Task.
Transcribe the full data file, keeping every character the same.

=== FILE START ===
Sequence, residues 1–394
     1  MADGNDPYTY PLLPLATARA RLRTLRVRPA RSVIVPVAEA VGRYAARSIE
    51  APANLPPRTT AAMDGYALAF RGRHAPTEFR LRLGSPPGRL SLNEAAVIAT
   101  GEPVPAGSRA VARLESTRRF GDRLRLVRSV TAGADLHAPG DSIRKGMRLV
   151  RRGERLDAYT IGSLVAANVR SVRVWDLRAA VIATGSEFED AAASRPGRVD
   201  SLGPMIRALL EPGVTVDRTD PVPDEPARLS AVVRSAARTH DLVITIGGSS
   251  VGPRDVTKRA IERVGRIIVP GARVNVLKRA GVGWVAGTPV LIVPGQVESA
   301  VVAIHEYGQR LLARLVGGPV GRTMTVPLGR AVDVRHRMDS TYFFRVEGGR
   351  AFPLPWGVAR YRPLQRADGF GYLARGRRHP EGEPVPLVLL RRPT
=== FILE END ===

Sequence, residues 1–394
     1  MADGNDPYTY PLLPLATARA RLRTLRVRPA RSVIVPVAEA VGRYAARSIE
    51  APANLPPRTT AAMDGYALAF RGRHAPTEFR LRLGSPPGRL SLNEAAVIAT
   101  GEPVPAGSRA VARLESTRRF GDRLRLVRSV TAGADLHAPG DSIRKGMRLV
   151  RRGERLDAYT IGSLVAANVR SVRVWDLRAA VIATGSEFED AAASRPGRVD
   201  SLGPMIRALL EPGVTVDRTD PVPDEPARLS AVVRSAARTH DLVITIGGSS
   251  VGPRDVTKRA IERVGRIIVP GARVNVLKRA GVGWVAGTPV LIVPGQVESA
   301  VVAIHEYGQR LLARLVGGPV GRTMTVPLGR AVDVRHRMDS TYFFRVEGGR
   351  AFPLPWGVAR YRPLQRADGF GYLARGRRHP EGEPVPLVLL RRPT